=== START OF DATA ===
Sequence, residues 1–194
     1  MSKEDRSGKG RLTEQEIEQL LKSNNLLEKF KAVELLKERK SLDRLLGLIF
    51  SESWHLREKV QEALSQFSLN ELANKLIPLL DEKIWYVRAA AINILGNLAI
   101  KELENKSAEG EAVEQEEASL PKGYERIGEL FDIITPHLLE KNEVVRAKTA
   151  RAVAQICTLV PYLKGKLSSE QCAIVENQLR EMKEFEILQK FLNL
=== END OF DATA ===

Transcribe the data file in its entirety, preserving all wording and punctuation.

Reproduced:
Sequence, residues 1–194
     1  MSKEDRSGKG RLTEQEIEQL LKSNNLLEKF KAVELLKERK SLDRLLGLIF
    51  SESWHLREKV QEALSQFSLN ELANKLIPLL DEKIWYVRAA AINILGNLAI
   101  KELENKSAEG EAVEQEEASL PKGYERIGEL FDIITPHLLE KNEVVRAKTA
   151  RAVAQICTLV PYLKGKLSSE QCAIVENQLR EMKEFEILQK FLNL